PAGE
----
These pieces originally appeared as a weekly column entitled “Lessons” in The New York Times between 1999 and 2003.
[ THIS ARTICLE FIRST APPEARED IN THE NEW YORK TIMES ON APRIL 4, 2001 ]
A Passover Way to Teach
This Saturday, Jews will celebrate Passover with a ceremonial dinner called a Seder. Guided by a 2,000-year-old booklet, the Haggadah, participants tell the story of Moses and his followers’ escape from Egyptian slavery.
The Seder suggests that today’s educational debates are not new. Its account of ancient history begins only after the youngest participant poses four ritual questions. Answers contain yet more questions, describing four children who ask about the tradition in different ways.
Teachers have long debated if dialogue or lecture is more effective and how children with varied abilities and learning styles should be taught. The Haggadah includes a balance of approaches, in contrast to all-or- nothing stances common in education today.
As the Book of Proverbs suggests (22:6, “Train a child according to his way”), the Haggadah states and answers questions differently for children with different knowledge or attitudes. Each alternative refers to a separate Biblical mandate to teach children about the Israelites’ ancient liberation. Jewish tradition says that because God would not needlessly repeat it, the instruction recurs so that the story can be retold for each way of learning.
Today, similar concerns about standardized instruction take many forms. Advocates of smaller classes say they permit teachers to adapt strategies to individual needs. Proponents of higher standards say tracking systems undercut students’ potential by placing the less able in easier courses. And special educators debate whether pupils with disabilities benefit from inclusion in regular classes.
E. D. Hirsch, a professor at the University of Virginia, suggests that a standard curriculum for all children should be organized around the same core knowledge needed for citizenship. Some educators say, however, that there is too much in this corpus for children to absorb, so learning should be guided instead by pupils’ own questions.
Howard Gardner, a professor at Harvard, defines seven types of intelligence. Some students, Dr. Gardner says, are more skilled with language. Others are more logical or spatially perceptive. Some learn by physically acting out new skills. Others are better listeners. Some learn better in groups. Others are more introspective.
Controversies about teaching history now pit those who want students to develop extensive factual knowledge against those who think history can be better understood if students experience a few events in depth, imagining they themselves were making historic decisions. The Haggadah balances these views.
Like Professor Hirsch, the Passover pedagogy emphasizes a common tradition. But it also insists that it be taught in response to questions. Like Dr. Gardner, the Haggadah prescribes different teaching for those with different abilities. But it does not predict whether this assures that all participants gain comparable understanding or if, at the end of the process, differences will be as great as before.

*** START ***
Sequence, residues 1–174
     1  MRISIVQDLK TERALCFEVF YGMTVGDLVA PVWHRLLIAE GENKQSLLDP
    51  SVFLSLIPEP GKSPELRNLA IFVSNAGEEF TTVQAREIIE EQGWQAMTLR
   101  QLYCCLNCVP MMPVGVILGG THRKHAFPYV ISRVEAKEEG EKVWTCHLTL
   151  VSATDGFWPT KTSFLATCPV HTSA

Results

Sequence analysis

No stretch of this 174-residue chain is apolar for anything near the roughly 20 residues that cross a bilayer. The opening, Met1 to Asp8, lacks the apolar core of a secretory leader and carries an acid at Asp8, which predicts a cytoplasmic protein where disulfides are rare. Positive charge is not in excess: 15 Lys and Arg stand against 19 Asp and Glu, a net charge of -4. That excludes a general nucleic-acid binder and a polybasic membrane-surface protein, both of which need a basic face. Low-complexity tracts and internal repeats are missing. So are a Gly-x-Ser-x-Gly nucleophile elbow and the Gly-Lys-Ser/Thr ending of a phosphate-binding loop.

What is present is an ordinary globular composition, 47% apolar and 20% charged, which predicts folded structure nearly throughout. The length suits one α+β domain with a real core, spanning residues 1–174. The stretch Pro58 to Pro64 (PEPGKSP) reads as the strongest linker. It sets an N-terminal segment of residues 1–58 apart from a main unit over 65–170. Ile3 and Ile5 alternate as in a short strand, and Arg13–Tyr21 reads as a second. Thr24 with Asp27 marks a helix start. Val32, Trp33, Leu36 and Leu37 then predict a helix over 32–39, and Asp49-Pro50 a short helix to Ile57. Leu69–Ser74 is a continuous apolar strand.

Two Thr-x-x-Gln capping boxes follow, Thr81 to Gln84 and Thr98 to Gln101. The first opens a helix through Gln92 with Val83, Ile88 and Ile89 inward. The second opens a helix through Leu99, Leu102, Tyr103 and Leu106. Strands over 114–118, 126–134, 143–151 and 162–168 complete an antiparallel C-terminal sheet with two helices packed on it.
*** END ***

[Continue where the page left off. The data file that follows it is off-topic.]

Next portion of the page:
And because ancient rabbis worried about holding children’s interest, the Seder’s lectures are interspersed with songs and games.
The Haggadah invokes a first child who asks for detailed descriptions of laws Israelites must obey. The child is termed wise not only because he seeks detail, but also because he talks as if he himself had been liberated from slavery thousands of years before.
Then, the question is restated by a second child, one with an “attitude” who is defensive about being taught. The Haggadah calls this child wicked because he cannot picture himself as part of the Exodus. But he might better be described as self-centered and thus hard to educate. The Haggadah asks all participants to have historical imagination, pretending they themselves also wandered the desert.
This passage is particularly suggestive for Americans. Can an immigrant nation forge a definition of common citizenship without each participant coming to feel that “we” fought the Revolutionary War, “we” participated in the struggle to end slavery, or “we” liberated Europe from Nazism?
The Haggadah describes a third child who is simple and a fourth who does not even know how to ask. The simple child gets an answer without much detail. The last child is not ignored. Though no question was posed, instruction is still tried.
Secular educators today face issues of inquiry learning and curricular standardization that also concerned the ancients. The Talmud, a collection of Jewish laws developed more than 1,500 years ago, says the Seder cannot succeed unless children become curious enough to question it. And it adds, as in Proverbs, teaching should take place “in a manner appropriate to the understanding of the child.”
After so many years, educators still have not quite figured out how to do this.